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Rolling Thunder Hardcover – Bargain Price, March 4, 2008

44 customer reviews

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Editorial Reviews

From Publishers Weekly

Nebula and Hugo–winner Varley continues the space opera saga of the Garcia-Strickland clan (last encountered in 2006's Red Lightning) in this enjoyable if simplistic tale. Patricia Kelly Elizabeth Podkayne Strickland-Garcia-Redmond, daughter of an earlier series hero, Ray Garcia-Strickland, is glad for any excuse to escape her job as the Martian consul in California, but the news calling her home is dire: her great grandmother is ill and about to go into suspended animation. After a family reunion, Podkayne heads to Europa, where a disaster forces her own suspension. The solar system she awakens to 10 years later is radically different. Podkayne learns of looming trials threatening the survival of mankind and tackles them with undiminished determination. Varley has deliberately made Podkayne an uncomplicated figure who lets major events and traumas roll right off her, rendering her a less than satisfying protagonist despite her heroics. (Mar.)
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From Booklist

Varley concludes the solar system exploration trilogy of Red Thunder (2004) and Red Lightning (2006) with a zany Heinlein homage, whose immediate tip-off for the fans comes with the disclosure that the protagonist prefers to be called by one of her middle names, Podkayne (see Heinlein’s Podkayne of Mars, 1963). Assigned to the cultural affairs wing of the Martian Navy, she is sent to the Jovian satellite Europa, nominally as an entertainer. She is shortly hip deep in intelligence work, for which she has hardly any training, but also for which she could end up paying with her life. Meanwhile, she becomes the erotic mentor of young Juba, a role for which she has more qualifications and more interest. Readers who have by this time stopped giggling won’t stop reading until they reach the end, where they may launch a peroration largely composed of the titles of the classic Heinlein juveniles, on which at least two generations of readers cut their sf teeth. Not for the humor-impaired, definitely for Varley fandom. --Roland Green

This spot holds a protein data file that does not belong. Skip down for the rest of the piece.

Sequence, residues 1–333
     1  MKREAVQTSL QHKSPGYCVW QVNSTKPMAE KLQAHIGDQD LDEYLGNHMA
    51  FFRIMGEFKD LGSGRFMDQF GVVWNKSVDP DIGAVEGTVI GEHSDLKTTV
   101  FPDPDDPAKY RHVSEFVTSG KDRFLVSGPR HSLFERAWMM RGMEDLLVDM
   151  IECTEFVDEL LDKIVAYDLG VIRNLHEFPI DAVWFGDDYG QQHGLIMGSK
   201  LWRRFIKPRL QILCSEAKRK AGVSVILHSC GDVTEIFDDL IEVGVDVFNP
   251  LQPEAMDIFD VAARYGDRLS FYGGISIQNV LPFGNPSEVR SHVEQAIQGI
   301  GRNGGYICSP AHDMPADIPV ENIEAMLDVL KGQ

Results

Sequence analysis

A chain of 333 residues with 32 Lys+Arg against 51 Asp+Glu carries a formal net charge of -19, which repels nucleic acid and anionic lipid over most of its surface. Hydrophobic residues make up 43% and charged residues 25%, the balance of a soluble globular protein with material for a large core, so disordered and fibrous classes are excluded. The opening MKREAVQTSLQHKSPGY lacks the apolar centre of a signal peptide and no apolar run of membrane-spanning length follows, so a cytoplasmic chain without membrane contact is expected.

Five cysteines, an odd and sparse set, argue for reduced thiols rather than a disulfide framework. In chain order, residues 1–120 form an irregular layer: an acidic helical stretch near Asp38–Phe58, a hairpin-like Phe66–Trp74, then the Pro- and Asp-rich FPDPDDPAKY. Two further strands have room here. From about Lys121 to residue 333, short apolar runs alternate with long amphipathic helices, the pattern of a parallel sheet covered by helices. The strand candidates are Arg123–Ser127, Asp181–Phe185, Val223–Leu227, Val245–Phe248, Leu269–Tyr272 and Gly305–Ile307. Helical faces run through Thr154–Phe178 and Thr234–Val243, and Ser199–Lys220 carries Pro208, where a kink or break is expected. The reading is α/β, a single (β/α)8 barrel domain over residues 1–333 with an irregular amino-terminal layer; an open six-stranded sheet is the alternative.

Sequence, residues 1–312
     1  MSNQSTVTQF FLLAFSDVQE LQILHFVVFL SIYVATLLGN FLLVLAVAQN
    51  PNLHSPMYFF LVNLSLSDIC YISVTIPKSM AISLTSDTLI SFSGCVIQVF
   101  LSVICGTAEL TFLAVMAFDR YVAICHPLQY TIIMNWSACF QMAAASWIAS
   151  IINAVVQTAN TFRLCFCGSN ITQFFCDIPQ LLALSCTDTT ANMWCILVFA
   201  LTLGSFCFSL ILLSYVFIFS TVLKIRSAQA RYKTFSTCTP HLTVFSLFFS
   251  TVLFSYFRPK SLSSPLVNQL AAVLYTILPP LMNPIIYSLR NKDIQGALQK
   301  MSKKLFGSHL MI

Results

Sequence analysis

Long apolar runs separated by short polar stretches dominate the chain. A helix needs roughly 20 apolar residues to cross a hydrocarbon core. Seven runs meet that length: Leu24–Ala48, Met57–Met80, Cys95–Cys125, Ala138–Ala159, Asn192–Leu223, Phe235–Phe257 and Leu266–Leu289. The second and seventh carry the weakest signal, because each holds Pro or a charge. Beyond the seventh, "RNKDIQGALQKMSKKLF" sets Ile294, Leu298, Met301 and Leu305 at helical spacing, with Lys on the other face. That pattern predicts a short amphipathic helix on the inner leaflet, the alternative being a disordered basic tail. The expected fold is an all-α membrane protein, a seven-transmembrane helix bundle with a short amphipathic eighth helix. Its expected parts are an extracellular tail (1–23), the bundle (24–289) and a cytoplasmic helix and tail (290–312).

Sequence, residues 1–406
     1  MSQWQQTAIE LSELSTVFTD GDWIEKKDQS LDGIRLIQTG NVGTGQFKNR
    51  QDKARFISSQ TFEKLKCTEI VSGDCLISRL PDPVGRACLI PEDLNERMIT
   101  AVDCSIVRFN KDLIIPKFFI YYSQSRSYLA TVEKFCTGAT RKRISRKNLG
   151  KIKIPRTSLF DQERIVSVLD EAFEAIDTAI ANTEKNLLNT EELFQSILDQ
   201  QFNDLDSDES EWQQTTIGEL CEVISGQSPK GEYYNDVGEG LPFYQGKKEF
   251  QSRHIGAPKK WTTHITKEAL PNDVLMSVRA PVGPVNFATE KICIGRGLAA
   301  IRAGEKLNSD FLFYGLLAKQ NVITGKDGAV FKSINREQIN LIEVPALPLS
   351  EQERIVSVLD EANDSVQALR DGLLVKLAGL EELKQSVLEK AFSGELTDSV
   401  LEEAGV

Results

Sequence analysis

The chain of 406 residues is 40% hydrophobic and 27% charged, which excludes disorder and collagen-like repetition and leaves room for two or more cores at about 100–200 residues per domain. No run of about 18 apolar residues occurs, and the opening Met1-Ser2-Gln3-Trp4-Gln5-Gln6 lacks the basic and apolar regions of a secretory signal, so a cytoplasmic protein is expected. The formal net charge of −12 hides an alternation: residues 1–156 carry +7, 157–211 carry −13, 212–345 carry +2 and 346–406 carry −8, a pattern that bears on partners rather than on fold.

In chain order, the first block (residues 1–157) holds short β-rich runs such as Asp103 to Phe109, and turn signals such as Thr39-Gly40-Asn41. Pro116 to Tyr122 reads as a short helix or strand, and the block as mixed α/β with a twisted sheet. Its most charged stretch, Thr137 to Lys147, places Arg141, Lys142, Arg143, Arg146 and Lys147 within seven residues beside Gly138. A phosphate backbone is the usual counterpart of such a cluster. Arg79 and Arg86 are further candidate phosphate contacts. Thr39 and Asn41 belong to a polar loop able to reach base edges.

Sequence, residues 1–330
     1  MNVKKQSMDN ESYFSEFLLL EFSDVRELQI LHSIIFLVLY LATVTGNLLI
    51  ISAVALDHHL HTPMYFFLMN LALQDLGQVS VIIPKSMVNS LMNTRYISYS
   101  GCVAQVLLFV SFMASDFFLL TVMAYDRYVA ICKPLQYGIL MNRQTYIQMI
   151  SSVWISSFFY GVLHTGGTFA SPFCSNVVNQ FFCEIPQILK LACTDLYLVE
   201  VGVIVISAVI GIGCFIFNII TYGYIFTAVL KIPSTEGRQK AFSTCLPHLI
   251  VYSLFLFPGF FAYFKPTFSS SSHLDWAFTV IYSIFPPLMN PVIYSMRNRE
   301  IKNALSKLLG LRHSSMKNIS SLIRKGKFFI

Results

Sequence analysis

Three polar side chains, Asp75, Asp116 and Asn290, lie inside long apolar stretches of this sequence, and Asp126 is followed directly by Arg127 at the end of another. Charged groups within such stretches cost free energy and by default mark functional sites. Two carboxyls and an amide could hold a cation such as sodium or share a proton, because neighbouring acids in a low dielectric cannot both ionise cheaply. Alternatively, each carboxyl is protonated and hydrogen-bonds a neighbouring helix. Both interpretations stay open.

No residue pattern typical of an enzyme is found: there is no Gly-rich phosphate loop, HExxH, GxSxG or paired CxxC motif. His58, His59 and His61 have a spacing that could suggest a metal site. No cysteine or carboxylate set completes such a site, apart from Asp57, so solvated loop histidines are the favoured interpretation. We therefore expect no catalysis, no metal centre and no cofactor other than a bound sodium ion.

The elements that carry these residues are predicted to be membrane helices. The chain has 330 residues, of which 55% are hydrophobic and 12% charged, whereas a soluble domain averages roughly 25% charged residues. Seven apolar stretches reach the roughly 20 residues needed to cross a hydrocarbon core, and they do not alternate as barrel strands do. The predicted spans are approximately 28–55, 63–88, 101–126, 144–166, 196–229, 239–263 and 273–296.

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Product Details

  • Hardcover: 344 pages
  • Publisher: Ace Books (March 4, 2008)
  • Language: English
  • ISBN-10: 0441015638
  • Product Dimensions: 6.4 x 1.2 x 9.2 inches
  • Shipping Weight: 1.1 pounds
  • Average Customer Review: 3.8 out of 5 stars  See all reviews (44 customer reviews)
  • Amazon Best Sellers Rank: #1,110,912 in Books (See Top 100 in Books)

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Most Helpful Customer Reviews

14 of 14 people found the following review helpful By T. A. Clark on April 14, 2008
Format: Hardcover
The Good:

The writing style is terrific. It feels human, it adds to characters, and is brilliant in its direction of the point of view.

The Bad:

Lazy story craft and characterization. It's a major turn off in a science fiction series to be presented with characters in the future that continually refer to present day themes and seem to identify with an age far before when the story takes place.

It's a character driven novel, and Varley handles characters very well; I just found the continual references to anything and everything 20th century to be distracting to the point of pulling me out of the story. Takes a bit too much pleasure in its references to 20th century popular culture and other works of that time period to be a serious piece of science fiction, and suffers mightily for it.
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8 of 8 people found the following review helpful By Nordeaster71 on November 23, 2009
Format: Mass Market Paperback
I used to be a big John Varley fan, but am now pretty disappointed. Some of the older books are very good, and it's obvious he greatly amires Heinlein. Personally, I don't understand the infatuation with RH, as the guy writes the same stories over and over, but what the heck, I'm sure there are some good reasons, and the guy is practically a god in the sci-fi pantheon.